For Kerala Muslim man,Catholic priest brings the gift of life

Fr Sebastian met ailing Rasad Muhammad on a bus,decided to give him a kidney

Written by Shaju Philip | Thiruvananthapuram | Published: April 11, 2013 1:34 am

Diagnosed with chronic kidney disease a year-and-a-half ago,30-year-old Rasad Muhammad’s hope of living had sunk with each passing day as a donor remained elusive. Until last month,when his saviour appeared suddenly — in the form of a Christian priest he had never met before.

Father Kidangathazhe Sebastian,41,will donate one of his kidneys to Rasad so he can live. Preparations are under way,and the transplant surgery is likely to be performed next month.

On February 25,Rasad had boarded a bus from Aluva to go to Kochi for his check-up. Fr Sebastian,who is associated with the Catholic Goodness TV,and who was then not wearing his cassock,was seated next to him.

“He looked very weak and burdened. He told me the story of his tragedy and his desperate search for a kidney donor,” Fr Sebastian said. “I was seized of the pain of a life facing death. I made a cursory query about his blood group,which matched mine.”

For the priest from Idukki,the fortuitous match held special significance. It signalled to him the end of his silent quest to practise what he had been preaching.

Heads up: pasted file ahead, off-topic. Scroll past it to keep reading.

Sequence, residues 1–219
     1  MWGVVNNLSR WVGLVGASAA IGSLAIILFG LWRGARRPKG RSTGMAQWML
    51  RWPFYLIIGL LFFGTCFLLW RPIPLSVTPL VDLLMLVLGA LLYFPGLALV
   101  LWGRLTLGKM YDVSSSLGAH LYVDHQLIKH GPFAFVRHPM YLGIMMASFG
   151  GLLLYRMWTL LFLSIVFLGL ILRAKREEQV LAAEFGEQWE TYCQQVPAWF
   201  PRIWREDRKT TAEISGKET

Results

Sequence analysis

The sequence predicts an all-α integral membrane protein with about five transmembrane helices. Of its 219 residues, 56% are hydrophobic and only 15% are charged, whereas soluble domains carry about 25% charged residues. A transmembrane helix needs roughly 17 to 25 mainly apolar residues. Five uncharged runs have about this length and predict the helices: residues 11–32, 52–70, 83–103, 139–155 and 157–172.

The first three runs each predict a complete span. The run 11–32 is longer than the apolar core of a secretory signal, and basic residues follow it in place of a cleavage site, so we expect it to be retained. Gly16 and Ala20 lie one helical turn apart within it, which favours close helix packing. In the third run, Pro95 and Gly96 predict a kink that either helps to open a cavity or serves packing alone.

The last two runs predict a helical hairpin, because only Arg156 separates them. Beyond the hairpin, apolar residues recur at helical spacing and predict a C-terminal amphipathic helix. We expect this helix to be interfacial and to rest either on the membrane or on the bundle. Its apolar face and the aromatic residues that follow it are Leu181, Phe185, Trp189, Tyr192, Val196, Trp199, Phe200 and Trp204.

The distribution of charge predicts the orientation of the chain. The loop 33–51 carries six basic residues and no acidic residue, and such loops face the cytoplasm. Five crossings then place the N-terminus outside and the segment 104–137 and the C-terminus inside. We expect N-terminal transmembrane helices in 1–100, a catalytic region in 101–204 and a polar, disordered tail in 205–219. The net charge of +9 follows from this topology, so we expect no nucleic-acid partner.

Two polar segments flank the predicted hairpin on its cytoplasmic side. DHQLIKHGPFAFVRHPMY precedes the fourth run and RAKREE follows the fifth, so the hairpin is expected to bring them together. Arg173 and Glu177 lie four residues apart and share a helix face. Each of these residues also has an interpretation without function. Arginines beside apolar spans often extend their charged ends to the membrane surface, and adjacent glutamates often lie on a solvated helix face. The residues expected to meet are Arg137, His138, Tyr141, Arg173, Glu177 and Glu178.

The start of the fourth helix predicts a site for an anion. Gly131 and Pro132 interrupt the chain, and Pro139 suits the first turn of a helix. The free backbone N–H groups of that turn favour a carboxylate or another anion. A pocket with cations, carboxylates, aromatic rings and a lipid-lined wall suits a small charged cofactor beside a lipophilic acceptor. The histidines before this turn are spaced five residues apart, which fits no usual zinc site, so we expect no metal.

“Inspired by the story of Fr Davis Chiramel,who had donated one of his kidneys to a Hindu man in 2009,I had been longing to make the same sacrifice. Somewhere,I hoped,I would meet the deserving person. What mattered to me most was that the decision would save a life. I realised that the person seated beside me in the bus was the most deserving person,’’ he said.

The following day,they went to the hospital to start the procedure for donation and transplant. The tests have been positive. “A few counseling sessions and a final nod from the medical board remain. In all probability,the transplant will take place within a month,” said the priest.

Rasad said he was initially shocked by the words of the stranger in the bus. “But,in the next moment,I realised that a priest would not lie.”

Rasad had been a salesman in Saudi Arabia until kidney disease cost him his sight and forced him to return home to Harippad in Kerala. He could see again,but there was little chance of his surviving without a transplant. Rasad,the only breadwinner for his ailing parents and minor brother,advertised for donors.

“A few donors turned up,but nothing materialised. In the meantime,touts cheated me of Rs 2.5 lakh. I was dependant on periodic dialyses in a private hospital in Kochi,” he said.

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